Mari Evans

For the span of my memory, this has been a city of opposing wills. — Mari Evans

The not so simple Truth, Mari Evans writes, is that we must be free in order to resist and we must resist in order to be free.

Evans is an unrepentant observer who, even as power bears down upon her, uses language to dissect its shiniest-seeming nuance. In high school, she says, her nickname was The principle of the Thing. Certainly no one comes casually by a nickname like that.

I was probably born political, she writes. I loved myself, I wouldnt have traded color or culture with anybody in the world, but to feel home in the nostalgic sense I understand and respond to as I read the works of white writers recounting their sense of place and home — no.

Evans has lived in Indianapolis for 47 years. For the span of my memory, she wrote in 1989, this has been a city of opposing wills, two faces firmly set toward different directions — one covertly determined to maintain the status quo, to continually block any access to power one, advocating an active morality and its right to inclusion as an equal person rather than a colonized one. This has been a city of perpetual confrontation, however cloaked, between the powerless and those who influence, control and engineer the citys movement in its inexorable and often ruthless march toward greatness, a word for which my definition will hardly suffice.

Yet Evans also calls this place a peaceful terrain.

If Indianapolis can embrace what I write or accept how I present myself, thats fine, she says. There is no doubt that others have accepted Evans and her abundant works. She is author of the now classic poetry collection I Am a Black Woman, as well as Nightstar and A Dark and Splendid Mass. Continuum (New and Selected Poems) is due out this year, as is a collection of political essays, Clarity as Concept: A Poets Perspective, which is in the final stages of revision. Her stage musical, Eyes, based on the work of Zora Neale Hurston, will open in Chicago and a one-woman play dealing with child abuse will open this year in Berkeley.

In 1997, Evans was honored with a postage stamp in Uganda; in 1998 she was inducted into the National Literary Hall of Fame for Writers of African Descent at Chicago State University. In 2002 she was a Grammy Award nominee for Best Album Notes. She has taught at Cornell University, Northwestern University, Spelman College, Washington University in St. Louis, Indiana University and IUPUI.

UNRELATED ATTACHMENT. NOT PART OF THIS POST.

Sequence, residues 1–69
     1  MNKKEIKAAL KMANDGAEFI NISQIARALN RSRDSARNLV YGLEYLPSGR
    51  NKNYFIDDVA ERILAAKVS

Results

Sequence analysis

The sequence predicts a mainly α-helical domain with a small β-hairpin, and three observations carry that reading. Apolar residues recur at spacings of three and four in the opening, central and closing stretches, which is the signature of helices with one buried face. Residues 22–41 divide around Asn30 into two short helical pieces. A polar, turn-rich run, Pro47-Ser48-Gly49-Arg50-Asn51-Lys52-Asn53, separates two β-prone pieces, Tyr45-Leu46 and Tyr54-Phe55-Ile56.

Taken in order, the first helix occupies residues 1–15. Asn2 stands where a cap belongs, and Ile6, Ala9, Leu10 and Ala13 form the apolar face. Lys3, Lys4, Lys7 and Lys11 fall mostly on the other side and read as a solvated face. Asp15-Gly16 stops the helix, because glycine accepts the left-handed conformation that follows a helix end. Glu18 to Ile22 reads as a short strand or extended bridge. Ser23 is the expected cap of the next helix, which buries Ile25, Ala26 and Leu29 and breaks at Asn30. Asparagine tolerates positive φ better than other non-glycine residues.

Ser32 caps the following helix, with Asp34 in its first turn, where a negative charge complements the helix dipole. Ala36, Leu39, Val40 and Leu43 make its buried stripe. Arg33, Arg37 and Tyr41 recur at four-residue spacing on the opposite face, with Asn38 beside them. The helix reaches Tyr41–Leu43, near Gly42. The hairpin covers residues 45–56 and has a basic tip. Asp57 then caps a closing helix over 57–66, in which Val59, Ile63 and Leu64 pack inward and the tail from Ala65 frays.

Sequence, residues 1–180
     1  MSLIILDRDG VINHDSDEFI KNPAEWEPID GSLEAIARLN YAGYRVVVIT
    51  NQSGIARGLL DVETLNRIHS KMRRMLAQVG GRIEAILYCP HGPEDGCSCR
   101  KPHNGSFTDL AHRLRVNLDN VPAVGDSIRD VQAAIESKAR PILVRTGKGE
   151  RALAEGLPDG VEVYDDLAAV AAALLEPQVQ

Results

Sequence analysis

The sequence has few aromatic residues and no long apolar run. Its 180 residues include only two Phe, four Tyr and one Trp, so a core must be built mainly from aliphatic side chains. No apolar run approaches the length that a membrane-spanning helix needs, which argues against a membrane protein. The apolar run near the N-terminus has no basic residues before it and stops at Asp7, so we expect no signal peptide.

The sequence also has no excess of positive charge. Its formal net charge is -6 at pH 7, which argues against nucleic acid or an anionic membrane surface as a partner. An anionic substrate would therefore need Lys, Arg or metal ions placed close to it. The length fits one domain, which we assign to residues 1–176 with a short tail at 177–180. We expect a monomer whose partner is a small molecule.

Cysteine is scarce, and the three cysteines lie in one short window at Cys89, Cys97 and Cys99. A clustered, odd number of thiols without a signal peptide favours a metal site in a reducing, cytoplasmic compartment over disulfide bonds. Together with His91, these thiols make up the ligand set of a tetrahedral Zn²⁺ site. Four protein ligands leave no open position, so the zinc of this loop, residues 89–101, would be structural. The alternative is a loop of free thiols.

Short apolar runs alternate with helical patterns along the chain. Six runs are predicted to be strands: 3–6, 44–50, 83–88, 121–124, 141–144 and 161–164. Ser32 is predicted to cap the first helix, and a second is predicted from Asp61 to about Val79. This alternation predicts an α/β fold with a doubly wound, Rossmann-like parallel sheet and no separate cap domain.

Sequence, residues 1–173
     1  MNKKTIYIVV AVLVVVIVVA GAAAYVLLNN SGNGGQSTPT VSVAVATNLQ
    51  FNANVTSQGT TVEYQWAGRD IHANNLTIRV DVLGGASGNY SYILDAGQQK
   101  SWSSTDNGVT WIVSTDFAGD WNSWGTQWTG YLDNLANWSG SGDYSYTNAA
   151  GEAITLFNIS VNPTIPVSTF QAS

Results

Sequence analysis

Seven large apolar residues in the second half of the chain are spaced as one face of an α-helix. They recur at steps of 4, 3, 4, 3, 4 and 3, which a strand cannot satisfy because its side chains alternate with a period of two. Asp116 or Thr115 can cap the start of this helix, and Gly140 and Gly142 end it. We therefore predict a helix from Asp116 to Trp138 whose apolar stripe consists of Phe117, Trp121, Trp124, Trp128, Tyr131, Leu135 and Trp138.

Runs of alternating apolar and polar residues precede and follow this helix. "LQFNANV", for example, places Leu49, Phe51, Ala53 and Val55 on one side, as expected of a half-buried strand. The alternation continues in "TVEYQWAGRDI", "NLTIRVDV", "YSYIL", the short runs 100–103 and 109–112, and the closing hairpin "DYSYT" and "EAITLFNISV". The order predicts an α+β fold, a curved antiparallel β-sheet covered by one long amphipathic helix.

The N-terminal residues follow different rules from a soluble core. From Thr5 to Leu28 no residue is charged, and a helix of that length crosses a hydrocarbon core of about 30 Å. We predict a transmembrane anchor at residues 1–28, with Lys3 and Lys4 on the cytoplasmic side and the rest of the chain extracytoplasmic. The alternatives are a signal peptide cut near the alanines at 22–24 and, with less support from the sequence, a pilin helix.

Children, those among us with least power and so, arguably, the most vivid gauge of our societys sense of justice, run through Evans writing — and her life. In a complex society, to know what you believe is very important, she observes. We dont teach our kids control. We teach them to be nice and get along with control. Political education should begin at the cradle, otherwise the State will give your child its opinions.

Evans remembers her own childhood in Toledo, Ohio. Every summer her father would send her by herself on the train to vacation with relatives in Indianapolis. This meant having to wear an identifying tag so that the conductors and porters would know where she was supposed to go.

One could go, happily, alone from home to — anywhere, Evans writes. But always tagged. Tagging was deliberate, something adults thought up when they were by themselves: It destroyed the spirit. It required pinning a note conspicuously to the chest of the travelers outer garment, after which people could peer at the wearer — me, in this instance — and then at the note, and ones whole history was there. For a child comfortable with withholding information it was agony past description I clearly understood the limitations it placed on me: I was not only figuratively, but actually, prevented from exercising any ability I had to be in charge of myself — to think or plan once that note was on me. So my introduction to Indiana was that it was a place synonymous with serious limitations.

For Evans, this childhood experience has proven to be emblematic. For after all Indiana is merely a microcosm of the country itself. And, as a Black person born in this country I have felt more an uninvited guest, free to roam at will, to work, to play, to experience but always at the level of an experience nuanced by color.

But over the years, Evans has also found here a place where she can approach her writing on her own terms: New York is a place where you have to fight to stay alive professionally, she says. There are those who thrive off the competition. Then there are those of us who prefer to relax into the serenity of the work.

Mari Evans work is an act of witness, a hymn, a love song and an enduring legacy.

— David Hoppe

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